Britain seeks material evidence for Mallya’s extradition, UK hearing deferred
They want India to provide evidence that the liquor baron did not suffer bona fide losses, and his offence is criminal – not civil – in nature. It’s a “loaded demand” that could weaken India’s case for his extradition if not accorded an adequate response.india Updated: May 11, 2017 23:07 IST
Indian officials who flew to London to press for fugitive liquor baron Vijay Mallya’s extradition have returned disappointed.
British prosecutors reportedly asked them to provide material evidence to explain the “circumstances” in which the now-defunct Kingfisher Airlines defaulted on loans, a query that indicates scepticism over allegations of Mallya being a wilful defaulter.
An agency official privy to their deliberations in London told HT that they want India to provide evidence that he did not suffer bona fide losses, and the liquor baron’s offence is criminal – not civil – in nature. It’s a “loaded demand” that could weaken India’s case for his extradition if not accorded an adequate response, he said.
Once called the ‘king of good times’, the liquor baron is facing investigations for alleged financial fraud and money laundering by the Enforcement Directorate (ED) and the Central Bureau of Investigation (CBI). A consortium of banks has accused him of wilfully defaulting on loans amounting to Rs 9,000 crore. He fled to London in March last year.
Mallya was arrested and then let out on bail by a London court on April 18, when a preliminary hearing in the case was held. The next hearing in the Westminster Magistrates Court, originally scheduled for May 17, has now been pushed to the second week of June. This will give the prosecution more time to prepare its case.
A team of CBI and ED investigators recently visited London to hold talks with lawyers of the Crown Prosecution Service (CPS), which represents the state in court. While the Indian side provided documents in support of their case, informed sources in London said various potential pleas to prevent extradition – including alleged political vendetta and serious fraud – were discussed.
Indian agencies believe Mallya may argue in court that his offence was civil in nature, and he had defaulted on the loans due to genuine losses. He could also claim that the cases against him are politically motivated because he was appointed as a member of Parliament during the UPA regime.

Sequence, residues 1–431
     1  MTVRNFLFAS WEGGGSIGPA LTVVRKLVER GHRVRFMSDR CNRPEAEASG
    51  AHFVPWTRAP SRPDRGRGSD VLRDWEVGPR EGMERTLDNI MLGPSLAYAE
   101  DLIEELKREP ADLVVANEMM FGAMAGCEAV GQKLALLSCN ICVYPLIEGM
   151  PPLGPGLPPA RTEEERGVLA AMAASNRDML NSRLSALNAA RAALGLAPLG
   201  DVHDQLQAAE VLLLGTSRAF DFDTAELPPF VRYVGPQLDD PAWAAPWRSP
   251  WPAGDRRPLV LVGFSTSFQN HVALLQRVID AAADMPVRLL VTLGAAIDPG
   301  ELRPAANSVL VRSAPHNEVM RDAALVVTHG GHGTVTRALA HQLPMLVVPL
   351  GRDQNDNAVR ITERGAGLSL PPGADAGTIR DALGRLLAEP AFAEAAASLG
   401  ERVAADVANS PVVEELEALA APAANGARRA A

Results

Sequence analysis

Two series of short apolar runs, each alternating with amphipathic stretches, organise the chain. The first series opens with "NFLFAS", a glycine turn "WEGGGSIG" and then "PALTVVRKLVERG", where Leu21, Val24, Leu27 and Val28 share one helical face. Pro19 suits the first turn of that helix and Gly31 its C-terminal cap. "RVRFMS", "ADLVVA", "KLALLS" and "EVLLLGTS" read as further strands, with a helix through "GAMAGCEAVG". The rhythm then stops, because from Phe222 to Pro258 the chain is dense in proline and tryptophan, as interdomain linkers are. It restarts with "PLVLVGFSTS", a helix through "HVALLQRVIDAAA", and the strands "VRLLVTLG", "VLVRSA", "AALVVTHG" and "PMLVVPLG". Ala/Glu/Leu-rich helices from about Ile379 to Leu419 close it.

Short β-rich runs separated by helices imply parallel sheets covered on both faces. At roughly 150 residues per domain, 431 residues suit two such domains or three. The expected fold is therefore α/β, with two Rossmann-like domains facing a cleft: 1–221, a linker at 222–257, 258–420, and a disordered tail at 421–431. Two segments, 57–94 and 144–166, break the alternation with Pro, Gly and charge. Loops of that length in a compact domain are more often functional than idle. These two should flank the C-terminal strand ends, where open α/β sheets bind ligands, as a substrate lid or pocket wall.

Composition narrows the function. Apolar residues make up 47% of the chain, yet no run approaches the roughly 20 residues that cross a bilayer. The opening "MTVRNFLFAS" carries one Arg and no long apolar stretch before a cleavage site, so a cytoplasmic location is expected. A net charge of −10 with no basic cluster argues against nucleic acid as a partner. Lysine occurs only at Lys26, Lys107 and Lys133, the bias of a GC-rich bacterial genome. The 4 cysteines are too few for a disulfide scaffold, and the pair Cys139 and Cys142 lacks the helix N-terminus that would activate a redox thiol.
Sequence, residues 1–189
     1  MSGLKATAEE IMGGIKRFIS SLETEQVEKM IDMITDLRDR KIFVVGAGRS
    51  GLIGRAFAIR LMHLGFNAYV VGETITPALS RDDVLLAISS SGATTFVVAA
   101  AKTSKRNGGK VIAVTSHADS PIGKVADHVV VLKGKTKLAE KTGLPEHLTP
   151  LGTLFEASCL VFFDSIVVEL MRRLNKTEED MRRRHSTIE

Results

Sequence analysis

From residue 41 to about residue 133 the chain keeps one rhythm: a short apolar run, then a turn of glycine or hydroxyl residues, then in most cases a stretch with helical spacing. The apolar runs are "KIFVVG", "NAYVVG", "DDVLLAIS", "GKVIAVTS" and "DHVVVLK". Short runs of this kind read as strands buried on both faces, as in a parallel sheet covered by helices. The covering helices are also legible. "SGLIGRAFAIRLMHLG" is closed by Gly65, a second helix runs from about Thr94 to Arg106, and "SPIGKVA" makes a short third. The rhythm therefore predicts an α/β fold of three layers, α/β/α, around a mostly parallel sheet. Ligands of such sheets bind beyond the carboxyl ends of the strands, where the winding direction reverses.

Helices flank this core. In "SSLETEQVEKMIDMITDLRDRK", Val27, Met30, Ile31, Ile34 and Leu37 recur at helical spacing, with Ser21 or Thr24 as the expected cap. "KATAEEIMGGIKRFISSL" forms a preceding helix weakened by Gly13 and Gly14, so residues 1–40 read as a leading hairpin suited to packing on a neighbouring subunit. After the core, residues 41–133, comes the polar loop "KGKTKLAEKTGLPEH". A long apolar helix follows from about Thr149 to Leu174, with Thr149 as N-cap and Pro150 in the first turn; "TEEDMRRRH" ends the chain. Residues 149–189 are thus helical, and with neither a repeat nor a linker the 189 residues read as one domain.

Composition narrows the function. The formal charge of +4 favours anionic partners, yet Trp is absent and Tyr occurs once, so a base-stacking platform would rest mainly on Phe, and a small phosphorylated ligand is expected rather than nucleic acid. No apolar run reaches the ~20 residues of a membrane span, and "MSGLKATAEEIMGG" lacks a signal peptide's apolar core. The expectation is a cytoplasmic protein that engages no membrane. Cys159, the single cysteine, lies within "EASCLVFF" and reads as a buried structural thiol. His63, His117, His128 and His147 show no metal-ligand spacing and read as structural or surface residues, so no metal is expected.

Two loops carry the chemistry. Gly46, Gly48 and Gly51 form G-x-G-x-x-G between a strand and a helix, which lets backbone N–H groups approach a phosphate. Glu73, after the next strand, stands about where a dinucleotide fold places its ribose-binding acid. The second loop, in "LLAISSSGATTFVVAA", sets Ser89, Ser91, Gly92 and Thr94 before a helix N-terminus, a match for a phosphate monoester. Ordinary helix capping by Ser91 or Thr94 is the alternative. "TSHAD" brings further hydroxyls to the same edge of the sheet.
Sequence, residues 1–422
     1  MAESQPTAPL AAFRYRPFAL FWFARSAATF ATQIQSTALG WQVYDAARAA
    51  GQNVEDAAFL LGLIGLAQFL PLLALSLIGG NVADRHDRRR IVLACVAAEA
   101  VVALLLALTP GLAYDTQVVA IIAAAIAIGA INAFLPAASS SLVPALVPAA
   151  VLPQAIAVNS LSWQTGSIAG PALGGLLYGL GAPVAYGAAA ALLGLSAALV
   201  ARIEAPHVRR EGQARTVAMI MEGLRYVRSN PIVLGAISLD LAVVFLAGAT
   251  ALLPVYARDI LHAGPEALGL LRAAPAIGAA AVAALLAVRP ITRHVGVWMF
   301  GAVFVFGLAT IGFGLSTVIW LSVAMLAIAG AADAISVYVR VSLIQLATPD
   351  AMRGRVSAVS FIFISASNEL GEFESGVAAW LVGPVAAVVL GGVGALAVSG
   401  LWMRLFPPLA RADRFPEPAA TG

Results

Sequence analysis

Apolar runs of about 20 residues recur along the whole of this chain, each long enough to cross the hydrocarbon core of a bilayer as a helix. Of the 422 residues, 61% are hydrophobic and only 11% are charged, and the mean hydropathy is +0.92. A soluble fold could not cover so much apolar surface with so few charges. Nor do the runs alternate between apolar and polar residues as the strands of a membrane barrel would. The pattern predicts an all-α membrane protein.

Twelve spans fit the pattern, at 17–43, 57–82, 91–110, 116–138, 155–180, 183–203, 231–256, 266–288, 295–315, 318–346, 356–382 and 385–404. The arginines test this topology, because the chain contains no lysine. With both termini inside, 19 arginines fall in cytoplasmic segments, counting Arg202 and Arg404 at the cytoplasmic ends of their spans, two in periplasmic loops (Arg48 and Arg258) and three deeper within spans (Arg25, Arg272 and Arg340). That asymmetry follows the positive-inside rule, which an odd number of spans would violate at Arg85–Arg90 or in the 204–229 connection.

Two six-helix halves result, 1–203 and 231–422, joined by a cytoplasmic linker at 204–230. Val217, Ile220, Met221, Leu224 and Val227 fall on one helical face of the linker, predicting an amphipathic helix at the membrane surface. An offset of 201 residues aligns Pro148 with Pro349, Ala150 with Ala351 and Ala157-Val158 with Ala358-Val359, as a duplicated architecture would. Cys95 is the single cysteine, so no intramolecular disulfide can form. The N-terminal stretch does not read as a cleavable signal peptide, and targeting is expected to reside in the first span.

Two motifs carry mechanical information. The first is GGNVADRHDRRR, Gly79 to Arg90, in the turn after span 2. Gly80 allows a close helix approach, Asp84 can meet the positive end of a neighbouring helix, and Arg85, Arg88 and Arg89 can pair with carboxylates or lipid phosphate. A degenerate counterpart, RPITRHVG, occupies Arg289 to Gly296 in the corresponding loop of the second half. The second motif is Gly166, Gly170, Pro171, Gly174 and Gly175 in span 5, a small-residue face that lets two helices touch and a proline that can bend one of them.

Mallya’s Kingfisher Airlines increased its losses from Rs 337 crore in 2004-05 to Rs 1,647 crore by 2008-09, as fuel and operational costs outpaced revenues. Banks restructured Kingfisher’s debt – amounting to Rs 8,000 crore in 2010 – but even that failed to prevent the ailing airline from defaulting on staff salaries, fuel bills, airport charges and taxes. Though he asked the government to exempt Kingfisher from some taxes and interest on bank loans (as was done for the ailing state-owned carrier Air India), the request was declined because his was a private company.
“Our teams have enough evidence on Mallya, and so there is no problem with providing documents related to losses (as demanded by British prosecutors). What remains to be established is his dual criminality with regard to usage and location of funds allegedly siphoned off to United Kingdom,” an ED official told HT.
The extradition process in the UK follows seven steps: “The extradition request is made to the secretary of state; the secretary of state decides whether to certify the request; judge decides whether to issue a warrant for arrest; the person is arrested and brought before the court; a preliminary hearing is held; an extradition hearing follows; and the secretary of state finally decides whether to order extradition”.
The preliminary hearing on April 18 was the fifth stage in the process.
The legal process in the UK can be a long drawn-out one, given the opportunities for appeal to the high court. If the courts clear the extradition, it has to be finally ordered by the home secretary. Such individuals also have the final option of appealing to the European Court of Human Rights (at least until the UK leaves the European Union – likely in 2019).